In pictures: Dealing with addiction
Addiction can have a devastating impact on individuals, families, their communities and the wider society. The statistics are worrying - two million people in the UK are addicted to some form of substance or activity such as gambling.
Photographer David Stewart has been working with Comic Relief on this issue, documenting the lives of some of those coping with addiction who have been supported by money raised during Red Nose Day.
Mr Stewart said: "During the course of this project I have photographed people in a way that will hopefully challenge and change how people perceive an addict or someone in recovery.
"All of the subjects came from such different backgrounds, all with their own story and issues, but each person felt thankful to be alive."
Here is a selection of the portraits and the stories behind them.
An alcoholic and former drug user, Anita has been sober for nearly 27 years. It took great strength and determination for her to get sober, ignoring the thoughts in her head and battling with the help of others to overcome her addictions.
Previously a television presenter and a member of several bands, she has spent the past 17 years as an addiction counsellor for One North East London (1NE). The organisation focuses on a method based on abstinence and has a 70% success rate against the national average of 50%.
Anita said: "Keep your recovery like an island; do not put conditions on it or attach it to outcomes, stay sober for the sake of being sober. Put the same effort into your recovery as you would into your drinking and using."
After a few failed starts and working to overcome many issues, with support Mark has been in sustained recovery for three years.
He is now successfully employed as a tree surgeon at a private firm. In the past few years, Mark has re‐connected with his family in the West Country and is seen as a role model for people in early recovery.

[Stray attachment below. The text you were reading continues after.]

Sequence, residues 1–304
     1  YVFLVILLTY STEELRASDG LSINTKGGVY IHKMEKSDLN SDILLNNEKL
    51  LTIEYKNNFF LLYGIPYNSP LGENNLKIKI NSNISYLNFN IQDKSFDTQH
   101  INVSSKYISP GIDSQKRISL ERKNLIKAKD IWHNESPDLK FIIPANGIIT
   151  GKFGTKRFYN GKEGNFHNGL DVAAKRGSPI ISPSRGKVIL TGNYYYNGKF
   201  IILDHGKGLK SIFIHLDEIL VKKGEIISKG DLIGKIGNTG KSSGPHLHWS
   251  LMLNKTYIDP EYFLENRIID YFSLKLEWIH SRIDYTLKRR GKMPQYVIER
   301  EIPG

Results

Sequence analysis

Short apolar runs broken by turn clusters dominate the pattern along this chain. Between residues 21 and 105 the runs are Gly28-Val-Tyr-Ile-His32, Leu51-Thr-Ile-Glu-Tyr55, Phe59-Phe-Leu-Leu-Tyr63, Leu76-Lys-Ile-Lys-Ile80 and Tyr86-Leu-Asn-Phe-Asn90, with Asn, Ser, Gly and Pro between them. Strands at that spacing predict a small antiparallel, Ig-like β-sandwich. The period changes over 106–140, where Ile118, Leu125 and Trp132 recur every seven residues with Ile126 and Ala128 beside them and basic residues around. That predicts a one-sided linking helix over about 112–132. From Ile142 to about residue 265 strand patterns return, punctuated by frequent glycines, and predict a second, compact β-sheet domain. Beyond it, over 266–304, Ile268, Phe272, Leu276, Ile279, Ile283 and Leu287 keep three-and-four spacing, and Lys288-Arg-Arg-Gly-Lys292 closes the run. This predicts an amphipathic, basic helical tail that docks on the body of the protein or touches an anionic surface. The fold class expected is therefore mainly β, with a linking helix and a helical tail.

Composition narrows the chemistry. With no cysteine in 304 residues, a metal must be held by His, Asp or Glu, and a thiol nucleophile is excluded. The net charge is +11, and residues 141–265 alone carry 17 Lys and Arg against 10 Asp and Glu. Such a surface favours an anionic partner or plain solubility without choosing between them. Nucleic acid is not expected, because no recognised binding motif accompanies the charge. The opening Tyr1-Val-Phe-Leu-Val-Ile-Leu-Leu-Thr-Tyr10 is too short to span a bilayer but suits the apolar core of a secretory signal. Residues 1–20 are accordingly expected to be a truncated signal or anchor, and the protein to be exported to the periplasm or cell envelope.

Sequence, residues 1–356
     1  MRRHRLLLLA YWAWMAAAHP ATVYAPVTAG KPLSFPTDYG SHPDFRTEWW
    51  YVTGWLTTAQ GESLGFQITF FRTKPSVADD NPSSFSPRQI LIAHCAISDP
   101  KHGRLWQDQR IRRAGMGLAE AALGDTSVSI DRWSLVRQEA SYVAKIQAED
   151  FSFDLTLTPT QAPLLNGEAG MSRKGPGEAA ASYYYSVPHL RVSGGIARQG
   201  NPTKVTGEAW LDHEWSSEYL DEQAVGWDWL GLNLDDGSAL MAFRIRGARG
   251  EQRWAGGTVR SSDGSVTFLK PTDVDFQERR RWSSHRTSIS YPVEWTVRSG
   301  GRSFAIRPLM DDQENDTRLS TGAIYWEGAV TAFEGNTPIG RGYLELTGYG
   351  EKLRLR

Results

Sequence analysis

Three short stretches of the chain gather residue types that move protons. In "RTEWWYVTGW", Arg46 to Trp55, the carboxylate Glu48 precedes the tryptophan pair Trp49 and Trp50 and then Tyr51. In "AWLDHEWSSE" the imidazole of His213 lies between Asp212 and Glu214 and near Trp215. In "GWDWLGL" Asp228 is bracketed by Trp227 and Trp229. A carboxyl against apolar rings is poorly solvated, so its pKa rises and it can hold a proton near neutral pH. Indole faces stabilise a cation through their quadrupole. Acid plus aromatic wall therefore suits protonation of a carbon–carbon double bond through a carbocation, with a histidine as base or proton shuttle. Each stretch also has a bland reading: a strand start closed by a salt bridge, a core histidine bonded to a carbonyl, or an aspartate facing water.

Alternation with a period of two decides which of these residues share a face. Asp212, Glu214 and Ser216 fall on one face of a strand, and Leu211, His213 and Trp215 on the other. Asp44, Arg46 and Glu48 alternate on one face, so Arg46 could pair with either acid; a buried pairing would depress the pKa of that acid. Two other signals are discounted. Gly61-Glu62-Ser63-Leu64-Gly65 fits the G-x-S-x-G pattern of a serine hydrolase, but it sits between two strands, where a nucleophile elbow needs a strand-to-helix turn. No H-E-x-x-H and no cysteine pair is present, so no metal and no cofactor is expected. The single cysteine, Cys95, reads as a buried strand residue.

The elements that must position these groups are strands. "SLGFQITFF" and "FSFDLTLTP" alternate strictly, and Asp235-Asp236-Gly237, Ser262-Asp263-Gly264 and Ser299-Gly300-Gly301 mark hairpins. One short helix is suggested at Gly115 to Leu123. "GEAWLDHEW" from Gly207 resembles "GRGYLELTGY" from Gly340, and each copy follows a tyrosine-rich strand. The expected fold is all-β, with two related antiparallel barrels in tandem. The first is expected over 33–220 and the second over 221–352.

Liisa has sustained her sobriety for more than two years. She volunteers within a recovery community alongside her full-time job as a research scientist at King's College London.
Liisa said: "I enjoy volunteering at the centre, it's giving something back, but also helps to keep me sober.
"Before I felt very isolated and alone, but through my recovery I have gained a perspective, learnt to balance being busy and now know I'm not alone. If I don't have my sobriety I don't have a life."
Abdulla has been clean for approximately six months. Once a high-end chauffeur, Abdulla hopes in time to return to a similar job but for now is using his skills to help others within a recovery community, volunteering as their driver.
Now over 18 months sober, this is her fourth time in recovery but she feels it is different this time and that she will be able to remain sober.
Janet feels stronger after listening to her counsellors, opening her mind and understanding that she has an illness not a fault. She was previously a dental receptionist and a pharmacy technician ‐ although despite having access to a variety of drugs, they never interested her as they seemed too dangerous.
Annie has been in recovery for seven years. As an alcoholic, she used drink as a crutch in order to cope with an abusive relationship. Originally a dentist, Annie has taken a PhD in aesthetic medicine (skin care/botox) since being in recovery.
She feels very lucky to be back where she was, living a fully functioning life after hitting rock bottom. Annie said: "There's a tremendous view up, when you're on the floor."
Comic Relief's Red Nose Day is on Friday, 13 March.